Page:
Since Donald Trump became President, the EPA has worked assiduously to remove, weaken, or delay a host of pollution-cutting rules. As a result, the agency is on a “reverse mission”. Instead of focusing on delivering what the public has always counted on the EPA to deliver – the protection of the environment and of human health from illnesses and premature deaths inextricably linked to pollution – the Trump EPA’s signature work is to deliver higher levels of pollution for longer periods of time. At the same time, the Trump EPA has created a set of markers pointing clearly to a larger, if less noticed, project of dismantling the EPA’s very ability to do its job.
The depth of the commitment to this reverse mission is illustrated by the sheer volume of individual pollution reduction rules they have put the agency to work on withdrawing or delaying. Yet, even that inventory tells only part of the story. In fact, the Pruitt/Wheeler EPA seems to be working equally hard on dismantling its very capacity to develop, implement, and enforce effective pollution reduction rules and programs and to carry out other vital public service functions, like advancing scientific research, sponsoring projects that promote community environmental health, and providing the general public complete and accessible information about public health and environmental issues. Pruitt has, and Wheeler is, also undermining the public’s legal right to hold the agency accountable when it fails to meet its obligations.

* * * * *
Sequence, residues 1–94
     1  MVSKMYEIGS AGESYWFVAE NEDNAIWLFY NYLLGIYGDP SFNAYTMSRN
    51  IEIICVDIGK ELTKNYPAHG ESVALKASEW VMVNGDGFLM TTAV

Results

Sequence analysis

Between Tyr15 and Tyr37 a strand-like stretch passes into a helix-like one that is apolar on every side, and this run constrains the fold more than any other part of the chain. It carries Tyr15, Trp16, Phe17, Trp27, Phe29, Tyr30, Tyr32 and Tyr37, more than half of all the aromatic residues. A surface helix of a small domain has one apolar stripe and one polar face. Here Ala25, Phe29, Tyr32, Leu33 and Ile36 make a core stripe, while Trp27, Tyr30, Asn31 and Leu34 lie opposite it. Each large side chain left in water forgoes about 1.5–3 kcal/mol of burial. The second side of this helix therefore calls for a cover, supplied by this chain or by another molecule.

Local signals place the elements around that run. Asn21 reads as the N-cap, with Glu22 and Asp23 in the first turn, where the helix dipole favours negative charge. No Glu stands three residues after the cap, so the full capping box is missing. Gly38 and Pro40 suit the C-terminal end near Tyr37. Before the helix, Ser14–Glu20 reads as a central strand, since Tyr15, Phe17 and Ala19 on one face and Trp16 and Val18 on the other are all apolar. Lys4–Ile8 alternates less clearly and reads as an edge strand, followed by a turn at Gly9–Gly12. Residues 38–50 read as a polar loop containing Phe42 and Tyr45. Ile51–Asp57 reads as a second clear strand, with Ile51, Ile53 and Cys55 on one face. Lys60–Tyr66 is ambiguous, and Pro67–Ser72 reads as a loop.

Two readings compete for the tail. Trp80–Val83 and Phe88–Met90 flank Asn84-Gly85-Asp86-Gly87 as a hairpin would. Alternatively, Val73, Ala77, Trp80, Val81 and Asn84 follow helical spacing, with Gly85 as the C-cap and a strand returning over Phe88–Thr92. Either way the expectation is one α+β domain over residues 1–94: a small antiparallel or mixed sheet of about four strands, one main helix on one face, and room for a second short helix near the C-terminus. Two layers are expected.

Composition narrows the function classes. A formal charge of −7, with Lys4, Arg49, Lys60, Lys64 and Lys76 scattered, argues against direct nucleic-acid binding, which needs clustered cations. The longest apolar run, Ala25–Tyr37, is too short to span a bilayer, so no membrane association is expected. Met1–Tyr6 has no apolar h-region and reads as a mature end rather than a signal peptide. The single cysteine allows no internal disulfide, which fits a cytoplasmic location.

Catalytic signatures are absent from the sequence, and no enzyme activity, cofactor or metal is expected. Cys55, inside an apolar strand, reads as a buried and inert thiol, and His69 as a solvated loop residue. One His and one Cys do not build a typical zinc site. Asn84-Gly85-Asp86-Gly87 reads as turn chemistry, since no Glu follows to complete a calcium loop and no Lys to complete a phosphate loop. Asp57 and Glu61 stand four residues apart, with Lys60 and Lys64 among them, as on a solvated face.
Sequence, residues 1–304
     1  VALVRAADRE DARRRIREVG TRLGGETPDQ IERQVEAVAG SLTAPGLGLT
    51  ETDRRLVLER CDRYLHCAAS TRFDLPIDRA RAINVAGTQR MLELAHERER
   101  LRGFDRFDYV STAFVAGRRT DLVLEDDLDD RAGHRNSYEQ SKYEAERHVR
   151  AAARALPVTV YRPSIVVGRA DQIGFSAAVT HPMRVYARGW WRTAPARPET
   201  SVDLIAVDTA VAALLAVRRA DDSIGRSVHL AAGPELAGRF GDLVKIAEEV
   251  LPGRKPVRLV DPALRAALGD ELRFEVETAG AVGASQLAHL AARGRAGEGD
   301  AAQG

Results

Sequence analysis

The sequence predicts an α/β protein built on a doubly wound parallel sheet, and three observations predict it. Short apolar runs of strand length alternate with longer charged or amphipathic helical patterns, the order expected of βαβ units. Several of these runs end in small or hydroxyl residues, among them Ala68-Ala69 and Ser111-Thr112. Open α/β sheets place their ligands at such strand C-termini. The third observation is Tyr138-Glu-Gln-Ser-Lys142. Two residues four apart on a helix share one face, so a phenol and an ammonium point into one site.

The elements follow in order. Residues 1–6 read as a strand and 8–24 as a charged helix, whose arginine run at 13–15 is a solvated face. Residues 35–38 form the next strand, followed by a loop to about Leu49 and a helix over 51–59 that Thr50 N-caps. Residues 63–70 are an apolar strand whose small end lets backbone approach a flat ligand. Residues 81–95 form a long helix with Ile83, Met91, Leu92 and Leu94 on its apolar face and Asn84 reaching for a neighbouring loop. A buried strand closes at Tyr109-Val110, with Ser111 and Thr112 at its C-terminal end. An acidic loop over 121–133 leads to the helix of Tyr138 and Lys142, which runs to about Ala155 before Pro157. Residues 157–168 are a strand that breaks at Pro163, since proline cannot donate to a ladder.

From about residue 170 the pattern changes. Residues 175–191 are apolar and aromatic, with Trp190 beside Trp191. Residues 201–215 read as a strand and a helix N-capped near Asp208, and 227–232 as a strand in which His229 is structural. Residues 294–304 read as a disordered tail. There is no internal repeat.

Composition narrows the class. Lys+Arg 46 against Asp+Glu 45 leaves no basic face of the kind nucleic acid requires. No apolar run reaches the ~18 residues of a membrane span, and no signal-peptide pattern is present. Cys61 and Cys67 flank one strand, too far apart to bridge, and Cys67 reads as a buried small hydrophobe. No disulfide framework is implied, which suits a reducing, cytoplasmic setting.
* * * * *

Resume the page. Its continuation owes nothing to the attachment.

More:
If it continues, the Pruitt/Wheeler dismantling project will leave behind not just a pollution-control regime that delivers fewer reductions in health-threatening pollutants. It will also leave behind an agency that – even beyond a shriveled budget and losses in experienced professional staff – will be bereft of the very institutional tools that have proven indispensable to carrying out the agency’s mission. These changes will have the effect of undermining the EPA’s capacity to fulfill its public health and environmental protection obligations.
While many of these changes can be reversed by a successor administration, the task will present that administration with a much greater challenge at the very beginning of its tenure, diverting resources and attention to institutional repair and away from pressing programmatic work to address substantive health and environmental protection.
We have begun to list and describe what amount to markers on the path to dismantling the EPA’s capacities. Below are many of the changes Administrators Pruitt and Wheeler have made to critical practices that the agency has relied on to carry out its public health, environmental and scientific mission. The list links to longer posts with more details.
Thanks to these changes, Pruitt/Wheeler’s EPA has already willingly compromised its ability to ensure compliance by sources with pollution-reduction requirements – or even to detect non-compliance in the first place. It has blunted the public’s ability to hold the agency accountable for carrying out its obligations, diminished its capacity to access high-quality scientific advice, introduced politics into competitive public benefit grant-making, and curtailed the public’s access to critical information about environmental changes and hazards.